Where to Start Downsizing

Where to start?  The thought of diving in and downsizing from years of home ownership can be a daunting task.  Knowing the areas to focus your attention on can help you begin the process.  And it is a process!  The good news, you’re not alone. Most making the move to senior living are in the same boat, working to downsize from the homes they’ve lived in for much of their adult life.   Starting early is key.  Taking the steps to downsize while in good health and spreading the work overtime will eliminate a lot of stress.  See below, the list of the top 12 areas to get started in.  *This list was gathered from AARP’s member website 

The Big House-  This is the most obvious, and sometimes getting rid of the house first can force the issue.  There are also financial benefits to selling the house first.  Even though you may have the house paid off, there are significant costs that come with home ownership.  Consider rising taxes, expensive upgrades and repairs, insurance, and utilities costs.  Your house was a home for your family, but as the kids grow up and move away, what’s keeping you tied to all that extra space?

 Debt- The goal is always to pay off any debt before you retire, you should enjoy what you’ve worked for without worry.  According to Credit.com, the average American today will pay more than $250,000 in interest on all money borrowed.  That’s a lot!  Reflect on what you’ve accomplished financially, and if you can’t afford to pay for something right now, don’t take on the added expense.

 Clothes- Take a good look at your wardrobe, try pulling all of what you own into view.  If you haven’t worn something in the past year, consider donating it.  Styles change over the years, choose pieces that will all fit neatly into the confines of your main closet and dresser drawers.

 Off-Site Storage- Eliminate monthly storage fees in your retirement by getting rid of any storage lockers.  If it can’t fit, donate it.  Chances are if you haven’t needed a piece of furniture in several years, you don’t need it now.

 Exercise Equipment- Equipment has changed over the years and new technology is always on the horizon.  If your moving to a senior community like Shaker Pointe, the gym is included.  Get rid of bulky and over-sized equipment and participate in group fitness classes instead. Or work-out in a community’s state-of-the-art facility and let the community keep pace with changing technology.

Kitchen Appliances and Gadgets- It’s true, we spend a large amount of time in our kitchens preparing meals over the years.  But how often do you really use that old bread machine or waffle iron?  If it hasn’t been used in 6 months, consider finding that appliance a new home.  Think about your day-to-day needs. How many utensil sets does one person or a couple really need?  Work on pairing down mismatched china and utensil sets.  Pass heirloom pieces onto family and younger generations.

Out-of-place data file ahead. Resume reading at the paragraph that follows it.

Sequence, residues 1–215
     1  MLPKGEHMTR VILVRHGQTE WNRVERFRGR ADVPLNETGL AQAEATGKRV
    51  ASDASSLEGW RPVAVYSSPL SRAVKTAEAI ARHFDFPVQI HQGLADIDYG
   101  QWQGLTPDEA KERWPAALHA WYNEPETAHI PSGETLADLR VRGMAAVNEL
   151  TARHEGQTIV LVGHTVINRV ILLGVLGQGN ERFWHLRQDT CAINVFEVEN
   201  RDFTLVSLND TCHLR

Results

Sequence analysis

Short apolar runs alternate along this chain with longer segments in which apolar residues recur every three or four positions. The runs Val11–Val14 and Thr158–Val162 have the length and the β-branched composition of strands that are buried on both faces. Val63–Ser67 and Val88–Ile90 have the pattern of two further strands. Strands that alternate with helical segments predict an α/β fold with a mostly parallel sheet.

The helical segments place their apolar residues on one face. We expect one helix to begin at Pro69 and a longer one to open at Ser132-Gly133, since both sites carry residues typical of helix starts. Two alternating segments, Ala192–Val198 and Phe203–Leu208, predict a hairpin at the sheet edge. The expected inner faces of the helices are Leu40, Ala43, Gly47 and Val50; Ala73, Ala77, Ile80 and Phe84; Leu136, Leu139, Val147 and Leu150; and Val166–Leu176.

Second Car- Cars are a depreciating asset.  Consider the average yearly cost to own and operate a vehicle in the U.S.  According to AAA, Americans spend an average of $8,558 annually to keep a car gassed up and on the road.  If you’re no longer working, do you need two vehicles?  At Shaker Pointe we provide transportation on outings and events, we take you to doctor’s appointments and shopping.  Consider where you are going and how many sets of wheels you really need.

 Childhood Memorabilia- Chances are if your kids didn’t take items with them when they moved out, they don’t want them!  Hold on to a small few mementos, the rest take a picture and put it in an album. That way you’ll have the memory without having to dust off the participation trophy from your daughters 2nd grade spelling bee!

Furniture-  If your downsizing from your home chances are the rooms you’ll be moving into will be smaller.  Remember, that a room feels more spacious with the right sized furniture. Only take with you pieces that will do double duty.  A folding couch provides a sleeping option for guests and seating during the day.  A table with leaves folded up is perfect when having dinner for two or to extend when you have company.  Go room-by-room in your home and eliminate the pieces you don’t need and see how much more spacious it feels.

Books, Magazines, DVD’s-If you’re not planning on reading that book or watching the movie again, donate it!  Books can take up a lot of space on a shelf and are cumbersome to move.  Now-a-days you can store countless e-books for less money.

Files-Paper can fill our lives.  Organize your stacks into categories and work on what you can eliminate.  Toss the papers corresponding to things you no longer own.  You only need to save tax records for the past 7 years, be sure to shred the rest.  Consider moving your bills and bank statements to online accounts.

Decorations- The holiday’s hold a lot of sentiment so it’s best to save this category for last.  Take with you only the decorations you’ve used within the past five years.  Consider donating bulkier items and outdoor decorations.  Holiday tableware is only used once a year, donate sentimental items to family members whose turn it is to host large family gatherings.

2 thoughts on “Where to Start Downsizing

  1. Cannot make the March 6 workshop for de-cluttering.

    Will there be another one offered later in the Spring to coincide with spring cleaning?


    1. Hi Michael,
      We don’t have another downsizing seminar planed at this time, but we would be happy to send you the information Michelle shared at her presentation.

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